There are several Serviles who don't follow any of the factions. Instead, they chose to live away from these factions, on their own terms. You'll find them living quietly in the less civilized locations of the game. Most of them will provide insight on all the factions, in an unbiased manner. Because of their neutral stances, they're often consulted by all the factions, and can influence them for you.
One of the first things you'll notice once you're in the game is that Sucia has seen better days. Most everything in Sucia has run down over the course of sitting around for hundreds of years. Buildings have missing walls, Servant Minds are either starving or have been killed by raiding Serviles. Many of the creations left behind have gone rogue meaning they're no longer in control. In fact, things have declined so much on Sucia, one could possibly categorize Geneforge as a post apocalyptic RPG.
The game itself: Part 1, the bad
I'm going to list the bad things first, because it's harder to do. Really, there's so much good in the game, I find it hard to make a balanced review for it. However, to be fair, I have to include what detracts from the game in my opinion. So, this is what this section of the review is about, the things I didn't like.
I'll mention the graphics first, because that's what most people will notice from the screenshots. If you're expecting a game that sits back and relies on eye candy to "wow" you, then this isn't the game for you. However, I will say that once you start playing the game, you'll probably be too involved in the setting itself to notice that the graphics aren't the latest and greatest.
There seems to be a problem with the combat in that if you have more than five action points, and less than ten, and you attack or cast a spell, you lose the extra actions points and your turn ends. This seems to be from a design point of view rather than a bug, though. Personally, I don't care much for that. It hinders my ability to attack, and then move away from what I was attacking. If you're a ranged fighter, this doesn't matter because you can move away and then attack. If you're a melee fighter, you will notice this because after an attack, you're stuck standing right next to the person you just attacked.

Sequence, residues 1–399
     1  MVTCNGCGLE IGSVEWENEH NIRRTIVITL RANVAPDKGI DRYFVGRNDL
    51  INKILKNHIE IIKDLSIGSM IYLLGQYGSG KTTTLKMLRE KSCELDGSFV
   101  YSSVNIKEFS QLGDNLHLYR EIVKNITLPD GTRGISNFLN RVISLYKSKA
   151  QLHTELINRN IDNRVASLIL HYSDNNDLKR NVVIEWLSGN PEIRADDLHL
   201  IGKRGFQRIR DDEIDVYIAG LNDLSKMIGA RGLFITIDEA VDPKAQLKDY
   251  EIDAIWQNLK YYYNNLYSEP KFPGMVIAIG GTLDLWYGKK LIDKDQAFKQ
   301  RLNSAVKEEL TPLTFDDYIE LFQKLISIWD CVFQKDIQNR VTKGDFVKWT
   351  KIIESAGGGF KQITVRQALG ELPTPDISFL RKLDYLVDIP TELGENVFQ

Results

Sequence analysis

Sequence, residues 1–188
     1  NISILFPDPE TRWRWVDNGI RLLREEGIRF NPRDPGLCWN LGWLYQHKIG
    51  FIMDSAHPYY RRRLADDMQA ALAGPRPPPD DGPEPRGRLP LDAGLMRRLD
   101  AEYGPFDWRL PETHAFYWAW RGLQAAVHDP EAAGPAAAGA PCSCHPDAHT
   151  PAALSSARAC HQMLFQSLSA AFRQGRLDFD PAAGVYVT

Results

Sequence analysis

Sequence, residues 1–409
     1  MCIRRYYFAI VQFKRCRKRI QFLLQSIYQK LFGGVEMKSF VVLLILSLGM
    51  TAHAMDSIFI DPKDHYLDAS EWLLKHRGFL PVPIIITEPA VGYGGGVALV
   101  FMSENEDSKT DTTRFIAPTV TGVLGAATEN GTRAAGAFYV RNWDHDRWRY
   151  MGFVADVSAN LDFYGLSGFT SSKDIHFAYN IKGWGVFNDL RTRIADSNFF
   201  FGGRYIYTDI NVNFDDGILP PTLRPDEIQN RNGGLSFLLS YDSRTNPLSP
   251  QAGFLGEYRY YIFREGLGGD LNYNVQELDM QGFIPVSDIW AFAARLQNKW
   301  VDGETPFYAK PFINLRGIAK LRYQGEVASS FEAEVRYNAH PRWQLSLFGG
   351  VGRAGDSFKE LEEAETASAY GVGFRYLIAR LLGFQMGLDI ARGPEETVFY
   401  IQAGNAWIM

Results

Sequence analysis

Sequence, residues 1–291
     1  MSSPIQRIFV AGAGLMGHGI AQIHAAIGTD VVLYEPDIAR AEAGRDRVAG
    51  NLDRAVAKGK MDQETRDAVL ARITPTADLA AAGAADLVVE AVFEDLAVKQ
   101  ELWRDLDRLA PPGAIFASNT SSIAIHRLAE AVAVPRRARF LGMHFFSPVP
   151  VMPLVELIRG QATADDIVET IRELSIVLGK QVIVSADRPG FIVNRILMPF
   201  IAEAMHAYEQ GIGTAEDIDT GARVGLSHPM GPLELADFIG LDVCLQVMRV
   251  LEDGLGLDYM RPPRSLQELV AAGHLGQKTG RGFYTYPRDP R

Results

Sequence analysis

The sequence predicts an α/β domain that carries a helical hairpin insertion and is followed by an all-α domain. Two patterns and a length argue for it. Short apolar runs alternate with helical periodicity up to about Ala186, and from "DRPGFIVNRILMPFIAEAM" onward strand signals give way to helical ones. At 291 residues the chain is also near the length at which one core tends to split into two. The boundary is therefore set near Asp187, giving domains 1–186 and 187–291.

Shops don't restock goods, nor do they restock money. In fact, it's rather obvious that the only shopper on Sucia is you because the only time shops get new things is when you sell them to the shop. The only time the shops get more money is when you buy things from that shop. This wouldn't be much of a problem due to the number of shops in the game, except that when you ally with a faction, merchants in other faction towns may refuse to sell or buy from you. That could severely limit you from items you may not have had the money to buy originally and shops won't buy things if they can't afford to buy them.
In combat, sometimes the pathfinding gets a little screwy. This is more of a problem for a melee character than it is for the ranged fighters, since a melee character has to move passed his creations to get to the enemy. In fact, a lot of times it will tell you that you can't move to a desired location when you can if you babystep your character.
There's only certain locations where speech can get you out of everything. Leadership really only works on intelligent creatures, naturally, but there's a good deal of fighting that must be done regardless. If you wanted to play a pure diplomatic character, that's not really an option unless you consider letting your creations do your fighting a means of diplomacy. Leadership really only comes in to play in the beginning and at the end of the game for the most part. That's not to say Leadership is useless, it'd just be nice if you could use it more often.